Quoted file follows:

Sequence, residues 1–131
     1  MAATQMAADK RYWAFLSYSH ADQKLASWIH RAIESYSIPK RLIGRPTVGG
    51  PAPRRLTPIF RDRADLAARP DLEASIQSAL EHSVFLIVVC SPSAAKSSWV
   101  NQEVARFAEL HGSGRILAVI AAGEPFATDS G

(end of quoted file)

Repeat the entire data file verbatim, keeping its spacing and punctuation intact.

Sequence, residues 1–131
     1  MAATQMAADK RYWAFLSYSH ADQKLASWIH RAIESYSIPK RLIGRPTVGG
    51  PAPRRLTPIF RDRADLAARP DLEASIQSAL EHSVFLIVVC SPSAAKSSWV
   101  NQEVARFAEL HGSGRILAVI AAGEPFATDS G